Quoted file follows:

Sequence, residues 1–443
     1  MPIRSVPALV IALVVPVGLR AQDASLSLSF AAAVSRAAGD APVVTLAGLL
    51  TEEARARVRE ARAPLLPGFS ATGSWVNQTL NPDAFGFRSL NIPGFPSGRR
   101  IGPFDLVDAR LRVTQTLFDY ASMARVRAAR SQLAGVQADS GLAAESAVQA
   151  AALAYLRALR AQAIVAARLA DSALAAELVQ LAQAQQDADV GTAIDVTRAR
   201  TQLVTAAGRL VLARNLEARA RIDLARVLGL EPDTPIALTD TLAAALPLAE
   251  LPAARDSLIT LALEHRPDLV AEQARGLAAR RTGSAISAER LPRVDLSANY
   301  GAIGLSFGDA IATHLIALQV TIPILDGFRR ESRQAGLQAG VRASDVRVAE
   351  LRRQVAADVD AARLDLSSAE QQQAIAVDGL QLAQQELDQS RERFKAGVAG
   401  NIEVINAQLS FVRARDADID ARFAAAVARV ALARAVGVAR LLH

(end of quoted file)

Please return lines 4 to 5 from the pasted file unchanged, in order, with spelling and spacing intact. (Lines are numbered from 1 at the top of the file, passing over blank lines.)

   101  IGPFDLVDAR LRVTQTLFDY ASMARVRAAR SQLAGVQADS GLAAESAVQA
   151  AALAYLRALR AQAIVAARLA DSALAAELVQ LAQAQQDADV GTAIDVTRAR